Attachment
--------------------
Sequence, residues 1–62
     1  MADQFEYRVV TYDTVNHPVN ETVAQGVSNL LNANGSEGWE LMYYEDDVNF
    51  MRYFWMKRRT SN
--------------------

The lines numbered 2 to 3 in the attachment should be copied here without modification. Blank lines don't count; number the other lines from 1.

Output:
     1  MADQFEYRVV TYDTVNHPVN ETVAQGVSNL LNANGSEGWE LMYYEDDVNF
    51  MRYFWMKRRT SN